World’s Tallest Skyscraper Confirmed – but Should We Celebrate Egoism?

kingdom tower

Any building that fits into the category of the ‘world’s tallest’ will always be well-known for its height alone. The building itself does not have to fit into a particular aesthetic or perform a particular function; being the biggest is often equated by some with being the best.

Architects in the know realise that height does not equal quality, but according to Council on Tall Buildings and Urban Habitat chairman Timothy Johnson, it is natural to literally aim for the sky and to admire those who reach such heights.

“If you have enough money, I’m sure the human mind can create a lot higher,” says Johnson. “Who are we to say it’s good or bad? People want to push higher and higher. That’s just human nature, isn’t it?”

This discussion is particularly relevant as the building expected to break current ‘world tallest’ benchmarks, Jeddah’s Kingdom Tower, secures both developmental and financial foundations.

Planned to eclipse today’s tallest building, the 828-metre Burj Khalifa in Dubai, Kingdom Tower is expected to stand just over a kilometer tall at 1,001 metres.

With a price tag of $1.2 billion, financing the monolithic structure was a difficult task says chief executive officer and managing director of Kingdom Real Estate Development Co. Talal Al Maiman.

Kingdom  Tower Jeddah

“We have all the investors, all the finance, all the money we need,” Al Maiman says. “It took us beyond 20 months to convince investors, working every detail and aspect of financing.”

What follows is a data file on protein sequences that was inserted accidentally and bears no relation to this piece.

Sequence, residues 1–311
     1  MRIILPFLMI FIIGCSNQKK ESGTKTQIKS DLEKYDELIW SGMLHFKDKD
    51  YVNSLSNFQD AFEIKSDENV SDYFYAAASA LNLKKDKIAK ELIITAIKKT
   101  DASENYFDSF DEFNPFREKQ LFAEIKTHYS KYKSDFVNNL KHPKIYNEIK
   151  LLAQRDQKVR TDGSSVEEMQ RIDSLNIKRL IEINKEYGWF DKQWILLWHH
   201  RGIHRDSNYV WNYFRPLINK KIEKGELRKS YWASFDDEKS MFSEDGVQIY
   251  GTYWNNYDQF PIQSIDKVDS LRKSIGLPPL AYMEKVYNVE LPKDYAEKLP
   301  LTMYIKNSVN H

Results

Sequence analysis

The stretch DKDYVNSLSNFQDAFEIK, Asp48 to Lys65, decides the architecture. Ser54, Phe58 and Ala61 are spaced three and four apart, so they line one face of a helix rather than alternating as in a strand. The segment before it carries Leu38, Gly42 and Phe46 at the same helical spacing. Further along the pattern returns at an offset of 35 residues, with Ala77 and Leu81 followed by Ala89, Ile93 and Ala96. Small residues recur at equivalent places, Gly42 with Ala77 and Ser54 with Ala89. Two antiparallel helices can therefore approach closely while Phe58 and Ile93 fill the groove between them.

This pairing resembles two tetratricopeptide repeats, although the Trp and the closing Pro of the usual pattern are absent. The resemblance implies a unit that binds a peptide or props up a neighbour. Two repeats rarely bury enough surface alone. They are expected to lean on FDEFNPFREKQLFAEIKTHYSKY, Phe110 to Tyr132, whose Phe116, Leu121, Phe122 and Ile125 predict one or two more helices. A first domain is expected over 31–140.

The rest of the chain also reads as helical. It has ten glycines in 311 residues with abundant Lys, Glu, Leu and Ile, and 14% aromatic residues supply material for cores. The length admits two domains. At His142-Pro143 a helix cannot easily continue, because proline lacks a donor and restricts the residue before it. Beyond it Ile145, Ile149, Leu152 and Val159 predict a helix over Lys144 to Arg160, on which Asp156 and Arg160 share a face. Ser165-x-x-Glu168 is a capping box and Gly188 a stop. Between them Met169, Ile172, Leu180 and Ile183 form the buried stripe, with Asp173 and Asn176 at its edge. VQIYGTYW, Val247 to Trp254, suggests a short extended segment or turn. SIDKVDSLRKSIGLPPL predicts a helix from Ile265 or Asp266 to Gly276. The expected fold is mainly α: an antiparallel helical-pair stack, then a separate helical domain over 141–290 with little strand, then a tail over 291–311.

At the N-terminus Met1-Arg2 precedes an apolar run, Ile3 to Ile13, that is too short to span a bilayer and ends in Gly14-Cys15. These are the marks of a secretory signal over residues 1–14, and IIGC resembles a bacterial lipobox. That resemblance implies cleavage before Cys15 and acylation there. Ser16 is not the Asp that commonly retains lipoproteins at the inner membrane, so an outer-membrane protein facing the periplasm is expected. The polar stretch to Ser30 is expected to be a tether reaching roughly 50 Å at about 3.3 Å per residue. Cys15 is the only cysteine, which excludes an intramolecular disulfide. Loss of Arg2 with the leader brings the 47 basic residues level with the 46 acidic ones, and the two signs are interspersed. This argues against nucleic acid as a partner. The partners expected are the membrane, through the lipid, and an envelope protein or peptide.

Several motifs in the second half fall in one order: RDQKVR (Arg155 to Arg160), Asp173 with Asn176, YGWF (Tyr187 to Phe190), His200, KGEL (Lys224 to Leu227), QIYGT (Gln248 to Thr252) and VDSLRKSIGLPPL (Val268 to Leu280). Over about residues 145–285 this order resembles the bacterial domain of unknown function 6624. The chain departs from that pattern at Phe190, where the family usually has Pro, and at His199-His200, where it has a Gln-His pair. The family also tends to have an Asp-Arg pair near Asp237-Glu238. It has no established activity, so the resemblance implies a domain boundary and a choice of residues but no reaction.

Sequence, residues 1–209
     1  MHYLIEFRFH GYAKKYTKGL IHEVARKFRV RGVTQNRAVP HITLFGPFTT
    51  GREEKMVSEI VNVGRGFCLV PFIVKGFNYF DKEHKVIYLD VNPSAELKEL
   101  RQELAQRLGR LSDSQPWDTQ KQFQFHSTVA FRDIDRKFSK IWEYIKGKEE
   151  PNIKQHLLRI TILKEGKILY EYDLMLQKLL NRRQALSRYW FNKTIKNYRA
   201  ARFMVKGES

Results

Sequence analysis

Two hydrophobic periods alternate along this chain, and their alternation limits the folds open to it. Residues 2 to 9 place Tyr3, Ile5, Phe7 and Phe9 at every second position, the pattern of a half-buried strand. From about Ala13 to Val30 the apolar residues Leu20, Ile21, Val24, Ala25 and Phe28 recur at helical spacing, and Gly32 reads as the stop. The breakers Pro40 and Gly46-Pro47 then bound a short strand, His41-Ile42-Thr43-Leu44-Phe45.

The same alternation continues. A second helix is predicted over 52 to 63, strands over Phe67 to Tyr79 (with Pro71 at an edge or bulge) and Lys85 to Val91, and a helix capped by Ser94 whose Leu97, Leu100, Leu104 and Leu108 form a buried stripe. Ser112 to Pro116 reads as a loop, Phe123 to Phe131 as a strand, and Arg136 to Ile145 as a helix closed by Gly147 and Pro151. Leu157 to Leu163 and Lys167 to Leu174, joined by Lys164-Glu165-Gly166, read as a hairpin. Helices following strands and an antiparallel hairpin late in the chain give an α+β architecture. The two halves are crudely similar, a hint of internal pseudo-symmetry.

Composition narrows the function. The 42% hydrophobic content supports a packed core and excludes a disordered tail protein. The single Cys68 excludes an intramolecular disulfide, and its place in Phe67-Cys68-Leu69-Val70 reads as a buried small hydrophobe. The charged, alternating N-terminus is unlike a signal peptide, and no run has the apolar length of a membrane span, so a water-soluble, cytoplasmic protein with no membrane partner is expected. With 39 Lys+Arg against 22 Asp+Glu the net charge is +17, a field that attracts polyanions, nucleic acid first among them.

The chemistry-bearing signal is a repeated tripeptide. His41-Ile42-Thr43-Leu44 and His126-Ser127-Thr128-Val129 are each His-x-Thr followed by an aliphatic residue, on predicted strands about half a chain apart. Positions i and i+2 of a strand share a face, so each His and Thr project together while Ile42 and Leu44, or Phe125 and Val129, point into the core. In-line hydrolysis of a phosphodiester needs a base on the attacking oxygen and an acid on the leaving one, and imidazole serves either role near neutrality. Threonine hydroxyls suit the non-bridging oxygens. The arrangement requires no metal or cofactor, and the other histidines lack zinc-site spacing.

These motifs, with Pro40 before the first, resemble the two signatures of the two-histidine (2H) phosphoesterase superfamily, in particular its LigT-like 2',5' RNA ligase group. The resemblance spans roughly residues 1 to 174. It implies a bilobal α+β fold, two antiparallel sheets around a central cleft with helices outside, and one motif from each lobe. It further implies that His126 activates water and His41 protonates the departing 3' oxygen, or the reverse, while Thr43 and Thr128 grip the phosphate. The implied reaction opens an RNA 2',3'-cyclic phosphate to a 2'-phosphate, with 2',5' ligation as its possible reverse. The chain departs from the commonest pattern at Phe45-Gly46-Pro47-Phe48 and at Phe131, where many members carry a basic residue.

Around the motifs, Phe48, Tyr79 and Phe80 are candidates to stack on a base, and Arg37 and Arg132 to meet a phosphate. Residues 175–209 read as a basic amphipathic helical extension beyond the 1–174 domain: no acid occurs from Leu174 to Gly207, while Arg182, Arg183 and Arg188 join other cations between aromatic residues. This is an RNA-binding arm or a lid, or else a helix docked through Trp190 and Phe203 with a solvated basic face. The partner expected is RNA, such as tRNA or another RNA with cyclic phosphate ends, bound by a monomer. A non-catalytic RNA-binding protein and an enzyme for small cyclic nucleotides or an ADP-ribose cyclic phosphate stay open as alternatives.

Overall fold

According to both Al Maiman and Johnson, it makes sense that the investment interest in the skyscraper would be high given that the building will stand as a symbol of ego, pride and money.

“People want to move from the position of houses to apartments,” says Al Maiman. “We have lots of rich people in Saudi Arabia.”

It is the ego of such people that Johnson attests will drive the development of these kinds of structures, even if the industry demand for them revolves more heavily around pushing structural limits.

“What’s happening in the Middle East is a bit of ego,” says Johnson. “A lot of this is built with oil money. There isn’t necessarily the demand, however the people building these want to push human ingenuity.”

While pushing industry boundaries does paint a far more positive picture than the notion of developing these tall buildings as an extension or portrayal of wealth, realistically, both are factors leading to such monolithic structure being built. Architects may celebrate the former and simply acknowledge the latter as a means to an end, rather than the key motivator for industry efforts.

By Tim Moore
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